In case you haven’t figured it out already, I highly recommend that you seek out Nicotine Stains. It’s a movie I will definitely add to my own collection; I will add it even though I’m trying to cut back on movie buying in order to leave at least minimal living space in my home. Yes, there are always a few movies that make me look for extra space on my movie shelf, and Nicotine Stains is one of them. It’s a slow-burning ride into madness, mayhem, murder, and more; and the gore smokes, unfiltered, from its smoldering story, making us oddly happy we inhaled it in the end. Yes, there’ll be no urge to stop this one “cold-turkey” halfway through it. If you’re lucky it will only stain your psyche with nightmares vicariously lived, without transforming you as well. Now, enough with all the cigarette similes and movie metaphors, I’ll say; enough with all the addicting details before your first puff. Just see the movie, before you kick the habit! But, whatever you do, don’t let your cigarettes talk you into it.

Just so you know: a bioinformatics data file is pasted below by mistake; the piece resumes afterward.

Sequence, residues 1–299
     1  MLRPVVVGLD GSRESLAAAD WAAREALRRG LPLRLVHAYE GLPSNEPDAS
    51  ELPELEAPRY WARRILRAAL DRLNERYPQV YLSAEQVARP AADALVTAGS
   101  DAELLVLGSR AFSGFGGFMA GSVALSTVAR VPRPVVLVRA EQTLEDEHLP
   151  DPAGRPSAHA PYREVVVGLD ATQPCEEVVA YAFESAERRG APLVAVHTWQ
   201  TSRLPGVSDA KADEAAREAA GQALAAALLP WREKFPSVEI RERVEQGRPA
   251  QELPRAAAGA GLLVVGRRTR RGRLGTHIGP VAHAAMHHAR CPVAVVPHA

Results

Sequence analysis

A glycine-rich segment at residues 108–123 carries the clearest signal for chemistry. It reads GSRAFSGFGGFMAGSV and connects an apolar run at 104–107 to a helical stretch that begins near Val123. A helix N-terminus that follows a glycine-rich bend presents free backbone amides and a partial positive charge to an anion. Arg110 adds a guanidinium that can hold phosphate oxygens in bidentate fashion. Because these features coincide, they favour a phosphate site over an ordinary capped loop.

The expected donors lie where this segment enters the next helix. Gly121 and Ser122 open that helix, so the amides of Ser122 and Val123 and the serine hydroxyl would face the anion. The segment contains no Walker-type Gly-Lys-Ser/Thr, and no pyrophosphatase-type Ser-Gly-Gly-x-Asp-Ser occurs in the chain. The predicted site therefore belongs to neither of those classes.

“…once I got a taste for the blood, what a goddamned rush!” ~ Charlie
Nicotine Stains is written and directed by Gennaro Desposito, form Brooklyn West Productions, Inc., Starring Matt Fowler, Lacy Hornick, Chris Ehling, Sunny Williams, Kyle Duncan Graham, Renee M. Sher, Donald McCutcheon, and Chelsea Collins as the lead cigarette, Produced by Gennaro Desposito, Kimberly Desposito, and Chris Ehling, with Associate Producers Megan Powers, Terie Desposito, Joseph Desposito, Don McCutheon, and Alicia McCutcheon, Assistant Director Megan Powers, Director of Photography Graham Robbinson, Stunt Coordinator Matt Fowler, with Special Effects & Makeup by Kelsey Boutte, and original music by Ian Flux.
Now, go ahead and check out the trailer! Go ahead! You know you want to!